HandyDart service levels will increase by 15 per cent over the next three years.

HandyDart service levels will increase by 15 per cent over the next three years.

HandyDart service cranks up as transit expansion continues

Extra service hours added, TransLink envisions 15 per cent boost over three years

TransLink is adding 85,500 more HandyDart trips this year as part of the initial stage of its transit service expansion.

The door-to-door custom transit service carries passengers with disabilities to medical appointments work and social trips. Currently, there are 1.2 million trips annually.

The increase should mean greater availability when booking trips.

“Hospitals are the number one destination for HandyDart trips, followed by day programs, colleges and universities, stroke recovery clubs, Semiahmoo House. This is about mobility, about getting around, about freedom,” said TransLink CEO Kevin Desmond.

The extra trips will cost TransLink an additional $2,379,982 in 2017 boosting the total budget to $51,778,449.

HandyDart advocate Tim Louis praised TransLink’s focus on HandyDart.

“HandyDart service level improvements [are] for the first time ever, higher and faster than that in conventional public transit. That’s never happened before,” said Louis.

The 10-year vision approved by the mayors’ council calls for further boosts in HandyDart service adding a total of 171,000 more trips over the next three years – equivalent to a 15 per cent increase in service availability. However, Desmond said that taxi usage, which made up about 10 per cent of HandyDart trips in 2016, would not necessarily go down.

“It needs to be part of the service,” said Desmond. “Many of our customers actually prefer cabs because they’re a little bit easier and more flexible.”

Flexibility is a key part of keeping HandyDart as useful service, according to Ron Bergen. Bergen sits on the City of Surrey’s Measuring Up committee which strives to increase accessibility for seniors and people with disabilities.

“The concern I do hear is flexibility of the busses and getting the service when they need it, which has been a challenge in the past,” said Bergen. “A lot of people have felt like they have been riding too long on a HandyDart.”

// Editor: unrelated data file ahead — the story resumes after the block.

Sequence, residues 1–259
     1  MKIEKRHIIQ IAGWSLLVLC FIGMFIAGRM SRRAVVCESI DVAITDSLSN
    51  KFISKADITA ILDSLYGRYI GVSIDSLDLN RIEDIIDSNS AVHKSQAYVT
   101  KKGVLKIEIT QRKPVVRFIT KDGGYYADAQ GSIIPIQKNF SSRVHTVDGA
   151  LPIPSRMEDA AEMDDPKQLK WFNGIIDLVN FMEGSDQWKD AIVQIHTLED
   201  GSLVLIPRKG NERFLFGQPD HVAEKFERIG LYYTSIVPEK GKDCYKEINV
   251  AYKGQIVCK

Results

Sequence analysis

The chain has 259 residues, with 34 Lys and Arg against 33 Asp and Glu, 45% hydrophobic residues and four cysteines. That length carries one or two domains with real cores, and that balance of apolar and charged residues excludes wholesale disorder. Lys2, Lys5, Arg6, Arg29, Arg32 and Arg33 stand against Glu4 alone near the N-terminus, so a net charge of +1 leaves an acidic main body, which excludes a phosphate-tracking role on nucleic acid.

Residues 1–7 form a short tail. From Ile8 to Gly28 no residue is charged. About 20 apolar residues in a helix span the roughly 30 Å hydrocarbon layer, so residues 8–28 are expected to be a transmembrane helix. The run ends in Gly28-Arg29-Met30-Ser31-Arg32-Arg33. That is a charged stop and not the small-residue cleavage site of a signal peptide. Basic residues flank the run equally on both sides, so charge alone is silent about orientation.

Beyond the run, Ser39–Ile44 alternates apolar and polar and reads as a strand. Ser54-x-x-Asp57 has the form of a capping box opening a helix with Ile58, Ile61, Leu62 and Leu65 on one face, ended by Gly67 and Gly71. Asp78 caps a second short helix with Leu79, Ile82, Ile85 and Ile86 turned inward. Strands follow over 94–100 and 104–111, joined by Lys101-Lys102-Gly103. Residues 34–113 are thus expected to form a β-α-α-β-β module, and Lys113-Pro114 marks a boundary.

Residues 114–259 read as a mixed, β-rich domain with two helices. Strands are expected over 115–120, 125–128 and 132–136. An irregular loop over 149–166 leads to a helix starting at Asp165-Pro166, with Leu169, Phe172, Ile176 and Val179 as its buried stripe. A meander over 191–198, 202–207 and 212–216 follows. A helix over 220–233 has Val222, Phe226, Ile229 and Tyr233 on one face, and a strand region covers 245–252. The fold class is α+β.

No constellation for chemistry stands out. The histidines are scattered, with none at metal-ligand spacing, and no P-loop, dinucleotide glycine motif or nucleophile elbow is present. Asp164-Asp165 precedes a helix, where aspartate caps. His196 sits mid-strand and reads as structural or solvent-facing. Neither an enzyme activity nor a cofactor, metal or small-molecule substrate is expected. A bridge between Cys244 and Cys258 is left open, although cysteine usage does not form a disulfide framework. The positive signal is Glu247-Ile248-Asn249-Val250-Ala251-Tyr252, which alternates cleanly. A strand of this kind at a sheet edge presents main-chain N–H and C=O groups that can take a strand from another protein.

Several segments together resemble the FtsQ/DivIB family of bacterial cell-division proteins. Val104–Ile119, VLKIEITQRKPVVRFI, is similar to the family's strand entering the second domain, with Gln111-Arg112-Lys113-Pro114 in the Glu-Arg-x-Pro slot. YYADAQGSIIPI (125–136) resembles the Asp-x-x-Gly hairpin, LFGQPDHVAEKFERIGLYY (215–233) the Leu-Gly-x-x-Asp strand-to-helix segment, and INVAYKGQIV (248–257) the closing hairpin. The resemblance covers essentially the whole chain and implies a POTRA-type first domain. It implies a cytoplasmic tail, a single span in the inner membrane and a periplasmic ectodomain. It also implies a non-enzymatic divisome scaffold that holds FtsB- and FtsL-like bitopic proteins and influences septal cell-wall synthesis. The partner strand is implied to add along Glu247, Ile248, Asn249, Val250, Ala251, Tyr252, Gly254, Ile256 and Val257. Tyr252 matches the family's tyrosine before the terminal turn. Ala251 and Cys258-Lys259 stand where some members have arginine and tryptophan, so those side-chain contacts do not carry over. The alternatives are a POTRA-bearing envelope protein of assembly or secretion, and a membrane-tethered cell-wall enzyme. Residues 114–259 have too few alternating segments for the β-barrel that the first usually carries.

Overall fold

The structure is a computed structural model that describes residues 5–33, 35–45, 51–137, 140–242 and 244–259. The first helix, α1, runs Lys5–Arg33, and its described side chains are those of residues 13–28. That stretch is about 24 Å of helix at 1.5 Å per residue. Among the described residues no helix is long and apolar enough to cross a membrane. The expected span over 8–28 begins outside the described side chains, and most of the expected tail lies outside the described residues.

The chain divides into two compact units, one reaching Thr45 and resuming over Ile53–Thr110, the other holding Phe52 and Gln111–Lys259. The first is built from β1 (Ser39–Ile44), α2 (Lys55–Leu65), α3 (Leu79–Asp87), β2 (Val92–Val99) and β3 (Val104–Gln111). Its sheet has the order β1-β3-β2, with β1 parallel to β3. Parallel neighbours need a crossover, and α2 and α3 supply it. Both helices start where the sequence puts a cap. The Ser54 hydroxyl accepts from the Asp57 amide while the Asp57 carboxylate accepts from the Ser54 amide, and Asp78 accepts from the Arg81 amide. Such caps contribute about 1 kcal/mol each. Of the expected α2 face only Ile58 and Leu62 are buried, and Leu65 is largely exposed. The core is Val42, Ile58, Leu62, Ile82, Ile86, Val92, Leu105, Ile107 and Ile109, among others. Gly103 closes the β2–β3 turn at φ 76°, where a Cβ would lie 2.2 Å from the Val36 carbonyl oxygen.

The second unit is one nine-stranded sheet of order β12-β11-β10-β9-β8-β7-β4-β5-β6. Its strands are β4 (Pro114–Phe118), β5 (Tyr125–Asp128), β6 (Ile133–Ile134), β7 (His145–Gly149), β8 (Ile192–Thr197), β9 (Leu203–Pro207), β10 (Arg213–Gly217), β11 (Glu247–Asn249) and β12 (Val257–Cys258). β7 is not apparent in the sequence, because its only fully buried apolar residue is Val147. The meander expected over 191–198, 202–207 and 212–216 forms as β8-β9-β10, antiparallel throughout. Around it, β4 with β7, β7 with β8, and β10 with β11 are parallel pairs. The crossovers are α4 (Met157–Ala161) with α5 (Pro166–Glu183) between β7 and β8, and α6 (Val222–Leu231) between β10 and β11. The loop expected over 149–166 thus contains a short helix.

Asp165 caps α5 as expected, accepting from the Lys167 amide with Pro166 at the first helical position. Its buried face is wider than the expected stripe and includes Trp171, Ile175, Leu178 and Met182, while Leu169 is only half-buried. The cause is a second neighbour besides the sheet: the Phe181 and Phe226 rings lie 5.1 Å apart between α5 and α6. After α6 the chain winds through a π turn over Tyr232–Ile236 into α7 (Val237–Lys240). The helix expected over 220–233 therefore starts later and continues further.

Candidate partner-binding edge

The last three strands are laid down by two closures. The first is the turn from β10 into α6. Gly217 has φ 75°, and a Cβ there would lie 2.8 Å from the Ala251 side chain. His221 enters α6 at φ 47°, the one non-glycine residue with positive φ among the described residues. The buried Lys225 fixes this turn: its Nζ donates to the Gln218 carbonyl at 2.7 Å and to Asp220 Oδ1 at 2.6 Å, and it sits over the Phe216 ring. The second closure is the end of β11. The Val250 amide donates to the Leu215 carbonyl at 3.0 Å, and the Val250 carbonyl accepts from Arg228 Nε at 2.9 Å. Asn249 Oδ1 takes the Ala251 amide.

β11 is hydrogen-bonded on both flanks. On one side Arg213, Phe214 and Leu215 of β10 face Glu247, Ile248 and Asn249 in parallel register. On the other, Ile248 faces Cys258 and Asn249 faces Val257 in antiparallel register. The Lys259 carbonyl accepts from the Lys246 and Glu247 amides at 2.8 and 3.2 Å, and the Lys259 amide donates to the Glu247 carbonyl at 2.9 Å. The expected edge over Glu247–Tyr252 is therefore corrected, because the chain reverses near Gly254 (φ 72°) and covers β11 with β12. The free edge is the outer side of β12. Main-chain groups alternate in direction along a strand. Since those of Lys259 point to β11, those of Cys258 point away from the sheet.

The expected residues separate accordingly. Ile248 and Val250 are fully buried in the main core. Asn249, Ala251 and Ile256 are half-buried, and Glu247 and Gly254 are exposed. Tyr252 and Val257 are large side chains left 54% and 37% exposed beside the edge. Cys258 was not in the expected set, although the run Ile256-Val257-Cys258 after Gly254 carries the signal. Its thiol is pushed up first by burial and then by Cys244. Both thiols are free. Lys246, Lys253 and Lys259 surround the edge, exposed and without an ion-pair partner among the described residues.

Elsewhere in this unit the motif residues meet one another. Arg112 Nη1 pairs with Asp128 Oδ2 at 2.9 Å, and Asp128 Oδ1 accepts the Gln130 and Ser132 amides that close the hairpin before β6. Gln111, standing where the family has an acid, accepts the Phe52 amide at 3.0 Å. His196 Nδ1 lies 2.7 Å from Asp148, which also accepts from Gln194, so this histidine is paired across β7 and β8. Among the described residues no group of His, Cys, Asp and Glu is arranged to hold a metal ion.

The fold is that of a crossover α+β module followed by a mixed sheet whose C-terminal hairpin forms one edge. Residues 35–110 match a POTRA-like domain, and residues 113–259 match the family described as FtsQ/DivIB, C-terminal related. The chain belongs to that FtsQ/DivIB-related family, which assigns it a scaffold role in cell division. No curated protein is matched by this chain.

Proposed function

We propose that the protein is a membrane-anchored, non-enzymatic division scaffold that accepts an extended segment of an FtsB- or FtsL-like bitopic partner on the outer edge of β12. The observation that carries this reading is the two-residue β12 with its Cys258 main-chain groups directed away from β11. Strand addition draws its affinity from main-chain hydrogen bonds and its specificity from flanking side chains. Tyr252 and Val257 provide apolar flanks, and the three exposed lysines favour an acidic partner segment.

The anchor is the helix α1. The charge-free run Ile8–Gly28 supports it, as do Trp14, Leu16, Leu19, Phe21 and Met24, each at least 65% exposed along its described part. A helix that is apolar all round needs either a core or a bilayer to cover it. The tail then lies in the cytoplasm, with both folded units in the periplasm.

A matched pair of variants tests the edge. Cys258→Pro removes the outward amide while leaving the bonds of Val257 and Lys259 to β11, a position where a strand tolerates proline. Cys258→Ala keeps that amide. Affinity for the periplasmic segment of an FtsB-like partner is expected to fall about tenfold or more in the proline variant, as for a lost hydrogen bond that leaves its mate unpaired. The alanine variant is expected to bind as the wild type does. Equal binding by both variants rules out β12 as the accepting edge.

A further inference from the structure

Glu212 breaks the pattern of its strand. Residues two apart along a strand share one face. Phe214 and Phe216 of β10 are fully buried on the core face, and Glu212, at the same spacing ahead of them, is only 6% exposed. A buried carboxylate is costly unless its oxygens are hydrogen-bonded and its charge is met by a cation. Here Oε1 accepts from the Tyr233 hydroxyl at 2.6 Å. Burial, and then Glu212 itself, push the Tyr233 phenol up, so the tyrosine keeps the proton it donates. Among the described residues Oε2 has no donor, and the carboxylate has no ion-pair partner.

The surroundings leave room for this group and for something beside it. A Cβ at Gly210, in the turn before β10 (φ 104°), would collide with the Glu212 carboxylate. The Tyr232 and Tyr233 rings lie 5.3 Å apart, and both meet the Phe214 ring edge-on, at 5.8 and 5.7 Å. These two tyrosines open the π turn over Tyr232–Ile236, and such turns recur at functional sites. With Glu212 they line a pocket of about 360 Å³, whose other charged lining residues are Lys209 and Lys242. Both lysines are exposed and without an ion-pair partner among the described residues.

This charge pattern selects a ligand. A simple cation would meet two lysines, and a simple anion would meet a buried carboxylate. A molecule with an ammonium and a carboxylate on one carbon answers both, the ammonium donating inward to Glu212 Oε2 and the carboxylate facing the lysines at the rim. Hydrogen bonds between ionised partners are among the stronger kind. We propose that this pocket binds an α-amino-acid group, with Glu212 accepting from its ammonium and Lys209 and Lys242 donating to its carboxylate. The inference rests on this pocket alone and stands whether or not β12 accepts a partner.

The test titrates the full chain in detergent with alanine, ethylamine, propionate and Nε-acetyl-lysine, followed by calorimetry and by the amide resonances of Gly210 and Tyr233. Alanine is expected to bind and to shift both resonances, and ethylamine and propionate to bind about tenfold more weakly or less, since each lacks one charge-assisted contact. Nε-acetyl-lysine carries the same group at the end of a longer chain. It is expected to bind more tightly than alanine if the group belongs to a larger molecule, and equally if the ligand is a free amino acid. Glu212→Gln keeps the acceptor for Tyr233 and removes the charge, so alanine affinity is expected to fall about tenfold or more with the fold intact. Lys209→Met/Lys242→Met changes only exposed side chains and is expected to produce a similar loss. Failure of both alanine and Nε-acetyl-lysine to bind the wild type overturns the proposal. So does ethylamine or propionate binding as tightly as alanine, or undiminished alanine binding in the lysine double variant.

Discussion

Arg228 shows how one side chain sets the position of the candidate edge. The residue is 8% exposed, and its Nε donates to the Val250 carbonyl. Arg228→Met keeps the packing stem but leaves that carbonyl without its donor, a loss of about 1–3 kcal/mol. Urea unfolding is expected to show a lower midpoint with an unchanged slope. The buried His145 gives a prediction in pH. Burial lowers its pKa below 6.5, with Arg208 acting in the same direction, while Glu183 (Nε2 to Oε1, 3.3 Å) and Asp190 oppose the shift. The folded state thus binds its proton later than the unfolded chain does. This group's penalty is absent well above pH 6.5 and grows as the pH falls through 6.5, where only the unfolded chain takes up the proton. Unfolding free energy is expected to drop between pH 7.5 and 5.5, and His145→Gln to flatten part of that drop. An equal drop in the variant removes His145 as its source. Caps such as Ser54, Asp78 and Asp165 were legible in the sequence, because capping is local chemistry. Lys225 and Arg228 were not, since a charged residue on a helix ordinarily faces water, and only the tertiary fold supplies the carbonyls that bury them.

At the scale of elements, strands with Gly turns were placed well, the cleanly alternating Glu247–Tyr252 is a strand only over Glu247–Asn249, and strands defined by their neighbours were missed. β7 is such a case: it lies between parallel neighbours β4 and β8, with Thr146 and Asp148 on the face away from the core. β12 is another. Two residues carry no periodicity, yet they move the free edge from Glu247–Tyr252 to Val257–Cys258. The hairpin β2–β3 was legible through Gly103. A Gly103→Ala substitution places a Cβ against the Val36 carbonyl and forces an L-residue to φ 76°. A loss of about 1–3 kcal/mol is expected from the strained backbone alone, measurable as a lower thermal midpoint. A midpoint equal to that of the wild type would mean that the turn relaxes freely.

Some of the increase in HandyDart service, Louis said, came about even before phase one of the 10-year vision began.

“Even before the three year phase one plan began, Kevin came across a hidden and forgotten drawer somewhere in TransLink. He opened it up and use the money in it to begin to implement the three year funding increase a year early.”

The HandyDart service boost comes on the heels of jumps in SeaBus service and off-peak SkyTrain service that began in January, as well as an announced bus service expansion expected to gather momentum in the months ahead.

The transit expansion came as a result of more generous cost-sharing of capital transit projects by the federal government, coupled with the Metro Vancouver mayors’ decision to approve small increases in TransLink property taxes and fares to deliver immediate service improvements. According to Translink Minister Peter Fassbender, the Transportation Ministry announced $12.7 million to increase and increase HandyDart service throughout the province.

Metro mayors are now watching to ensure the federal and provincial governments now also commit to the second phase of the plan, not just the first phase.

“The Province of B.C. supports the vision [and] our federal partners are committed. We don’t know what the next phase for phase two funding is going to be but when they make that announcement that’s going to bring clarity to the province and to the region,” said Fassbender.

That would ensure major new rapid transit lines – light rail in Surrey and Langley as well as a Broadway subway in Vancouver – get past the design stage and are actually built.

“We still have a ways to go to deliver the transportation solutions our community members need,” Delta Mayor Lois Jackson said citing a Seniors’ Advocate report released in December that showed a 3.9 per cent growth in the number of seniors over 65-years-old living in B.C.